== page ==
A group of patients and health data experts is accusing Facebook of misleading users about how their personal health information can be manipulated and exposed without patients' explicit permission.
In a Federal Trade Commission (FTC) complaint released publicly on Tuesday, the group alleges that Facebook prompts its users to join online medical support groups under the guise that they are "private" – but does not make clear that users could expose their health data when they join those groups.
"I think the highest-level deception is that they call [these medical support groups] safe," Fred Trotter, a security researcher and one of the complainants, told The Hill. He pointed out that Facebook executives, including Facebook CEO Mark Zuckerberg, have touted the medical support groups as an opportunity for patients to support one another, while failing to disclose that the group members' data could be mined for ad targeting and harassment.
Pallone and Schawkosky in a letter to Zuckerberg wrote that the social network "potentially misled Facebook users" into sharing personal health information, raising "concerns about Facebook's privacy policies and practices."
A Facebook spokesperson in a statement to The Hill said the company looks forward to “briefing the committee about how these products work.”
“It's intentionally clear to people that when they join any group on Facebook, other members of that group can see that they are a part of that community, and can see the posts they choose to share with that community,” the spokesperson said.
The lawmakers' request for a briefing comes as lawmakers gear up to put together a federal privacy bill, an endeavor that has garnered interest on both sides of the aisle.
The FTC complaint claims Facebook is not transparent about how users are targeted to join certain medical support groups and how their health data could be accessed once they join those groups.
For example, if Facebook's algorithms suspect that a user is pregnant, the platform may prompt that user to join a pregnancy support group. Though many of those groups are advertised by their administrators as "private," "anonymous" or "confidential," the data shared in those groups can be shared with third parties.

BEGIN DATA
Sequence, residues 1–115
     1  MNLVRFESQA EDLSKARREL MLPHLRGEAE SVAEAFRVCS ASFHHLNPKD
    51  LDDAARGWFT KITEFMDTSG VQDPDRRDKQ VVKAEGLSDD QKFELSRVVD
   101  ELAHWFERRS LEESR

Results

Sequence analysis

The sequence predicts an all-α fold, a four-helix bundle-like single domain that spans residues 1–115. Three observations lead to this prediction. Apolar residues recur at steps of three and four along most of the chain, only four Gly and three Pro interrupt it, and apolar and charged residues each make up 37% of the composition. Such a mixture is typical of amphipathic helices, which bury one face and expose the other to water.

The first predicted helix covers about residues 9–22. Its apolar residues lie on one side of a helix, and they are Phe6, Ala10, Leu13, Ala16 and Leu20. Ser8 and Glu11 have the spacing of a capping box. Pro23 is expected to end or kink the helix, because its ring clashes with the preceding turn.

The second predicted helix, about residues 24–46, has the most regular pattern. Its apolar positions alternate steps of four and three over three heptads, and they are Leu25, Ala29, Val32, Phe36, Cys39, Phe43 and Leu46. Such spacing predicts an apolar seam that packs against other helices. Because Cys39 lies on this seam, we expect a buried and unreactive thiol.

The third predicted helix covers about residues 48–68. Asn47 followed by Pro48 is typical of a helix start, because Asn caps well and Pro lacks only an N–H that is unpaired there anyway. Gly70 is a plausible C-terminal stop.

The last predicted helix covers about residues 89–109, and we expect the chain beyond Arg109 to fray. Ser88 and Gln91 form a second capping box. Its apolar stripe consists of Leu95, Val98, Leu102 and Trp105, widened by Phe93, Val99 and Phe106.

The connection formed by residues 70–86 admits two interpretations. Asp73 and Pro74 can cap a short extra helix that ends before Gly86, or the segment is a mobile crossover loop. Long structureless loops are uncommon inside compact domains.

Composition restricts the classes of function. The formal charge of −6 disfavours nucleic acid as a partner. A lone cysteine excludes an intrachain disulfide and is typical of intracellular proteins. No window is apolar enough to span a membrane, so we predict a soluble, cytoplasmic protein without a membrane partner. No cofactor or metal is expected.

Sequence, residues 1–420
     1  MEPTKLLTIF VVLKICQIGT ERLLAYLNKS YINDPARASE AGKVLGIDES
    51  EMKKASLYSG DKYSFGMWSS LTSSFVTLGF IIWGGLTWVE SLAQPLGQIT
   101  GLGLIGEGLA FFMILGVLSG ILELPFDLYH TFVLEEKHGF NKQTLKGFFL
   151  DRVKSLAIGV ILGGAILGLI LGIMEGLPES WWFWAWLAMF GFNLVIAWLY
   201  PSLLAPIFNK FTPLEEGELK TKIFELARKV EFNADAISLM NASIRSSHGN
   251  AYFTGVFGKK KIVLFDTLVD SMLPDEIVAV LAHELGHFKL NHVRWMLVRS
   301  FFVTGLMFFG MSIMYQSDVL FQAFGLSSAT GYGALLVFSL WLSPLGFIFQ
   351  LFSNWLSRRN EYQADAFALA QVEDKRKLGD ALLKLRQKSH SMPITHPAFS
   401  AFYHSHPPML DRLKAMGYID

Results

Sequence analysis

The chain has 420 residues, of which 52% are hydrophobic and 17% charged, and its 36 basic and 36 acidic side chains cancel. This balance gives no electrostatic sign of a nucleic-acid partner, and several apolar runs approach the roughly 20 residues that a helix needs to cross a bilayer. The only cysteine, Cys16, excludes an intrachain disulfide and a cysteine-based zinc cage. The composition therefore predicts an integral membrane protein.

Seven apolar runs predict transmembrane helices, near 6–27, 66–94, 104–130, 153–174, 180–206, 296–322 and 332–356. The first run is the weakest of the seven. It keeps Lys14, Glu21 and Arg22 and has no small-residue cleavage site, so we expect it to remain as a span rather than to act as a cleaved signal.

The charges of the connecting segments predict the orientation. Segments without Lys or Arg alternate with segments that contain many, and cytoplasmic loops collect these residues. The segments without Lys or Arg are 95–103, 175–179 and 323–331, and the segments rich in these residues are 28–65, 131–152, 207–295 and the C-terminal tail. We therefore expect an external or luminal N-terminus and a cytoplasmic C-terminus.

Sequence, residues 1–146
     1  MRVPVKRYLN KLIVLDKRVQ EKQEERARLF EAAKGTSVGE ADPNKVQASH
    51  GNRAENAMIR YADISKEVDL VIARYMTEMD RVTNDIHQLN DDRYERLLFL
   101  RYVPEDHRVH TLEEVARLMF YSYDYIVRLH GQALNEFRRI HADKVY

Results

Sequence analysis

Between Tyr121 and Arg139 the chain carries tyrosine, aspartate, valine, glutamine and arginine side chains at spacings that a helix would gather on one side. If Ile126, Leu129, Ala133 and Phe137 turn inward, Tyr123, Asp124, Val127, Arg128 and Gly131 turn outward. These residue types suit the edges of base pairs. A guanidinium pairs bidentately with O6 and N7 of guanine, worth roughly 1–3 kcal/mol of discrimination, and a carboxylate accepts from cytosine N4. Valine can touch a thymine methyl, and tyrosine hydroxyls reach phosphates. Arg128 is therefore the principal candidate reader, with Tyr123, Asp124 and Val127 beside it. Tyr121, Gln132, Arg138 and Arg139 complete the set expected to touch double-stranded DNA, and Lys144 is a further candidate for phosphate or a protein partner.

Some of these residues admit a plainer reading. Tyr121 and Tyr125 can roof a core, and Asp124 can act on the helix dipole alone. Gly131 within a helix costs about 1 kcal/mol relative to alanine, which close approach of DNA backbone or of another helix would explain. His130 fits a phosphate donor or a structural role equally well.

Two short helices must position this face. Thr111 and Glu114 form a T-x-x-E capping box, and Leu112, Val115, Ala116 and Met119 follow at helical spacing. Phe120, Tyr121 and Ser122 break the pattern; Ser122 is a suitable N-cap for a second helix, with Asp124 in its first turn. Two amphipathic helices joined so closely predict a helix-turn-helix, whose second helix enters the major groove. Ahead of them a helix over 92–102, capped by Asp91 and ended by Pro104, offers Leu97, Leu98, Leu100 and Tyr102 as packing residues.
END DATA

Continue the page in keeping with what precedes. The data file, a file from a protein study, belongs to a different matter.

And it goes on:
In order to illustrate their point, the health experts in April 2018 used an outside app to download the names of all 10,000 users who were part of a group for people who had tested positive for the BRCA gene that causes an increased risk for breast cancer.
The experts claim that those membership lists could be used by any number of outside groups, including advertisers or more nefarious groups.
Facebook now restricts member list visibility, barring nonmembers from seeing who is in certain groups. But evidence shows there are instances in which third parties set up fake accounts to join those groups in order to scrape data from its members, Trotter told The Hill.
"We did see ... an influx of user accounts applying to the membership of health care closed groups that looked fake," Trotter said.
There have been multiple instances in which members of certain Facebook medical support groups have been targeted with disinformation or even harassment based on their medical condition.
Some anti-vaccination activists have targeted pregnant women on Facebook with messages about the effects of vaccinating their children, and third parties offered mental health treatments to addiction support group members.
"Sharing of privately posted personal health information violates the law, but this serious problem with Facebook’s privacy implementation also presents an ongoing risk of death or serious injury to Facebook users," the FTC complaint reads. "Facebook has ignored our requests to fix the specific issues we have identified to the company, and denies publicly that any problem exists."
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